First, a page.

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This perspective gives us insight into the human condition in that it reveals that life experience is worth something and that notion is something young people simply cannot grasp fully. The young are more confident because they have not experienced as many hardships. For example, the younger waiter is "all confidence" (96) while the older waiter is not. In fact, he can relate to the old man more than he would like to. He knows there is nothing worse than going home to nothing. The younger waiter wants to hurry home while the older waiter feels as if he is doing a good deed by providing a "light for the night' (97) for the old man any anyone that might be like him. The older waiter knows why the clean and bright cafe is appealing to the people that come around at night and he does not mind keeping the old man away from the darkness of the night a little longer. This loneliness is experienced only by the older men and it is something that cannot be conveyed to the younger waiter - not without experience.
Clean, Well-Lighted Place" is successful because Hemingway plays the young against the old. We are able to see two different perspectives and this helps Hemingway reinforce his theme of loneliness and despair by placing two characters that are almost opposite from each other in the same cafe. The young waiter his future ahead of him and sees no reason to dread anything. He is confident; he has a job and a wife. The older waiter understands that these are fleeting and there is no guarantee of our keeping them from one to the next and, before we know it, we are older. The contrast of these two mindsets works well in the story because Hemingway brings both of them back to the notion of nothingness. The younger waiter represents the type of selfishness that many young people possess simply because they cannot relate to the experience that life brings. In essence, he has nothing to offer either older man because he is impatient and only wanting to satisfy himself at the moment. He is so concerned with going home and going to bed, that he cannot see what the older waiter is trying to tell him about the nothingness of life in old age. The younger waiter is also necessary for the story because he helps us understand the depth of what the older men are feeling. The older waiter cannot express it to him regardless of how he tries. This is not simply something we read about in short stories; the old attempting to teach the young is something that happens everyday and they young generally have the same attitude as this young waiter just because he does not know any better. The story concludes in a way that also reinforces the theme of futility in that there is no answer to be found for the despair that these men experience. The older men are, in essence, alone in the world and while they can relate to one another from a distance, they will never be able to relate to the young.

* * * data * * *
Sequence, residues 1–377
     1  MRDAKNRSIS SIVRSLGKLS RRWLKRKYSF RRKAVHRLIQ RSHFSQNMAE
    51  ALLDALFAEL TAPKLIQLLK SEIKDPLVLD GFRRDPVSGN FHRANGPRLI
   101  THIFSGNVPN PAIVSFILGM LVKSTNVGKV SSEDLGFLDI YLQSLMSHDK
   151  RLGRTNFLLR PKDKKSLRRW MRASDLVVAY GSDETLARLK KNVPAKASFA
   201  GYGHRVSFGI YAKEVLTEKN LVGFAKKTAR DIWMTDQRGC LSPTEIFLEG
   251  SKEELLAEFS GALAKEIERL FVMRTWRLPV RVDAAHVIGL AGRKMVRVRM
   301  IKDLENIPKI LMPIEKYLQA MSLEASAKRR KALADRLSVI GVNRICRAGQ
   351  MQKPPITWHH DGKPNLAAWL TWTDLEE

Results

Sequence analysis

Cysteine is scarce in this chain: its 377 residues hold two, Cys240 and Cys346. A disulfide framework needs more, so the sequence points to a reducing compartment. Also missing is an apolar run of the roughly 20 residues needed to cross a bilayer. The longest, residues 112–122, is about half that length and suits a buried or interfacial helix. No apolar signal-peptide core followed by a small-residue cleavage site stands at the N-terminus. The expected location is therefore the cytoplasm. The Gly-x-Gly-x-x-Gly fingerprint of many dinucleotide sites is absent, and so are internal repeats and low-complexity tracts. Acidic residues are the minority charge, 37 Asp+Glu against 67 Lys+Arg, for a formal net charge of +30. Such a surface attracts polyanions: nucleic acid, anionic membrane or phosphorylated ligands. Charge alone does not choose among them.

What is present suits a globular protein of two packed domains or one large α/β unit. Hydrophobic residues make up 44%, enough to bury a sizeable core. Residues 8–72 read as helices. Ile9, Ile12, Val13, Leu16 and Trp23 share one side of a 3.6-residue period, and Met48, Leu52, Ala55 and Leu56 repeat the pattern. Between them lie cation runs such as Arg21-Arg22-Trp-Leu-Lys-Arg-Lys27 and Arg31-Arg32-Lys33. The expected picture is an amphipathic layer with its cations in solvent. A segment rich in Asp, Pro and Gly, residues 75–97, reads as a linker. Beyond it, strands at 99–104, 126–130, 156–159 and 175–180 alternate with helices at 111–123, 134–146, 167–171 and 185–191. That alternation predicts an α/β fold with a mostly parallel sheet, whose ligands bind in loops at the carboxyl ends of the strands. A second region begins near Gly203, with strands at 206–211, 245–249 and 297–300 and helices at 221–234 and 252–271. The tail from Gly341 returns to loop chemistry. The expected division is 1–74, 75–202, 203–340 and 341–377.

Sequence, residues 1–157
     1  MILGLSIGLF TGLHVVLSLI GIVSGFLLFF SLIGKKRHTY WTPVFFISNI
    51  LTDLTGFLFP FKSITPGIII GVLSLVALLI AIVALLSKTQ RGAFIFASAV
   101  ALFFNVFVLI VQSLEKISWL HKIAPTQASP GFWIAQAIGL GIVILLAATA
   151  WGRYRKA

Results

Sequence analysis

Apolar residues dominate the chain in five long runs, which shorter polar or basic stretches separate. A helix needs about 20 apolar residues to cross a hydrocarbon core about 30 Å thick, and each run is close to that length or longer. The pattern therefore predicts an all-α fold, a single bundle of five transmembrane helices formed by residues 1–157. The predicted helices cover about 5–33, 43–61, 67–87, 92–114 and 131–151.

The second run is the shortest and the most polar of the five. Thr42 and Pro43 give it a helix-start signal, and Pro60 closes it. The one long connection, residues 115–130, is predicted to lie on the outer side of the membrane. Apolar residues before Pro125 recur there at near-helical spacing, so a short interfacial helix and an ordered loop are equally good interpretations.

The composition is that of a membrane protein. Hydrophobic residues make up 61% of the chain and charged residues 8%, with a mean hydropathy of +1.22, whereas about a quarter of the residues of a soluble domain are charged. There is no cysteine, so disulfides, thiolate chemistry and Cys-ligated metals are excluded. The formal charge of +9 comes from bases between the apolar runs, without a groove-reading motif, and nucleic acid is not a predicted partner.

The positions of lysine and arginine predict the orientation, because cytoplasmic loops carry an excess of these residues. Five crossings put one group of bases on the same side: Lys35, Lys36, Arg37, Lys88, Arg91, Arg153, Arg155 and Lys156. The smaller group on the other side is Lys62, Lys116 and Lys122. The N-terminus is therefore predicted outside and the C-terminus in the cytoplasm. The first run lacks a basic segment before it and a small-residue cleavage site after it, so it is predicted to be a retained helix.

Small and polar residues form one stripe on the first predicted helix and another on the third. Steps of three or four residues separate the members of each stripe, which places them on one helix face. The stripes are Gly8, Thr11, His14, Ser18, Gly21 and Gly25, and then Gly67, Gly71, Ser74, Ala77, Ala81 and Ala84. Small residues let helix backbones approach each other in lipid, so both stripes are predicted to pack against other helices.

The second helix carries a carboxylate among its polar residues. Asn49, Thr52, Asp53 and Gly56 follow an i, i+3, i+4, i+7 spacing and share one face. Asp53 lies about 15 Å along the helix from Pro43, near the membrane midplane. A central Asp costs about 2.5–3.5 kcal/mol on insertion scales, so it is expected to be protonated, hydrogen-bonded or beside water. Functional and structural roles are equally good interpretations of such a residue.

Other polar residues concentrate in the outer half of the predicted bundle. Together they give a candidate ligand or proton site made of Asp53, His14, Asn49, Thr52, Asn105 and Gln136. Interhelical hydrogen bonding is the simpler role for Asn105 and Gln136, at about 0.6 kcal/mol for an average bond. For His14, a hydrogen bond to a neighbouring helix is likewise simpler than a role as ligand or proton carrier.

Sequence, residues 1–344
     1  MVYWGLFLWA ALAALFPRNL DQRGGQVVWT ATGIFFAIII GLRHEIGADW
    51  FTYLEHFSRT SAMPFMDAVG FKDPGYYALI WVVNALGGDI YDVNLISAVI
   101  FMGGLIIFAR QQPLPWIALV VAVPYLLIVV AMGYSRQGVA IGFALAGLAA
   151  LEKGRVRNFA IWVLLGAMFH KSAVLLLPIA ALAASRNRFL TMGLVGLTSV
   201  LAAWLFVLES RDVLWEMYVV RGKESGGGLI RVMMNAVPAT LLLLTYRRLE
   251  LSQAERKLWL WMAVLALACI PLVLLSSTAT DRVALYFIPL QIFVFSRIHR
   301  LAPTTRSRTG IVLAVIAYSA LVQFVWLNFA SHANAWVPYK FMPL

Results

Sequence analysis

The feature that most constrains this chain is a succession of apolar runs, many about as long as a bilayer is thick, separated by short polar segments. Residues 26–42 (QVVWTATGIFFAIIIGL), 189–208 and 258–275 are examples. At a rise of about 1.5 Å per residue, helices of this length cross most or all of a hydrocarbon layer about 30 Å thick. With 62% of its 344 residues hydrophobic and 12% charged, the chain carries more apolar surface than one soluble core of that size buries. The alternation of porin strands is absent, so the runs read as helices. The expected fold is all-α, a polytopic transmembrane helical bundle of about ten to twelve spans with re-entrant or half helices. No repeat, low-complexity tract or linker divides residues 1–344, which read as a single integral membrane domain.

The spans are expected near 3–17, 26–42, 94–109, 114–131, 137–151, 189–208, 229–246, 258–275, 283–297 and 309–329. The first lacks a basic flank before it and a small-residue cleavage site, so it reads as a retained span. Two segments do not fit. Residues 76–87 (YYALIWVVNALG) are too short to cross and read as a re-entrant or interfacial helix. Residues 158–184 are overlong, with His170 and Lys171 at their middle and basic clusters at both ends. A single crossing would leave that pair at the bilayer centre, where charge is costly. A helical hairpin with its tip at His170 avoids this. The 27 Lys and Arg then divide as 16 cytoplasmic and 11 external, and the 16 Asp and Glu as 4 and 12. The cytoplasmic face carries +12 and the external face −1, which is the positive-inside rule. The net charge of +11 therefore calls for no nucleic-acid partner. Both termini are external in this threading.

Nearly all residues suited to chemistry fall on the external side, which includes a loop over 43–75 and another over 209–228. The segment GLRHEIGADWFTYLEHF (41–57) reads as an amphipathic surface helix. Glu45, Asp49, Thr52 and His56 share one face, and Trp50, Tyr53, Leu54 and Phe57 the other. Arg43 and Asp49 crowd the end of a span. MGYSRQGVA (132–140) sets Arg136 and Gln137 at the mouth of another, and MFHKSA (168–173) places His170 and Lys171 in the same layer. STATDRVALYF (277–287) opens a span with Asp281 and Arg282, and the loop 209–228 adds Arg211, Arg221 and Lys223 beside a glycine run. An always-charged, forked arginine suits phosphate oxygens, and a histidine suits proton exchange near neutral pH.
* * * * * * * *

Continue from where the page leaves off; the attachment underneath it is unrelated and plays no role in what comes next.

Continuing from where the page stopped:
Serious life issues become points of focus in Hemingway's short story, "A Clean, Well-Lighted Place," captures the loneliness, despair, and futility that the two older men feel as they attempt to cope with their old age and the fears that come along with it. By placing two people separated by the gulf of years together, Hemingway can emphasize the significance of years and how that is not always the blessing we think it might be. The young waiter has no worries and cannot wait to go home and go to bed. This is the very thing that both of the older men dread because it brings to their minds the futility of life and nothingness of it all. The old men in this story wrestle with issues that cause them fear and anxiety and, as a result, the inability to even get one good night's sleep. In a few pages, Hemingway leads us down a path that demonstrates how old age can be for some and why the old behave as they do. The theme of despair is the only truth that seems to emerge from the lines.
Hemingway, Ernest. "A Clean, Well-Lighted Place," Literature: The Human Experience: Reading and Writing. Eds.…[continue]
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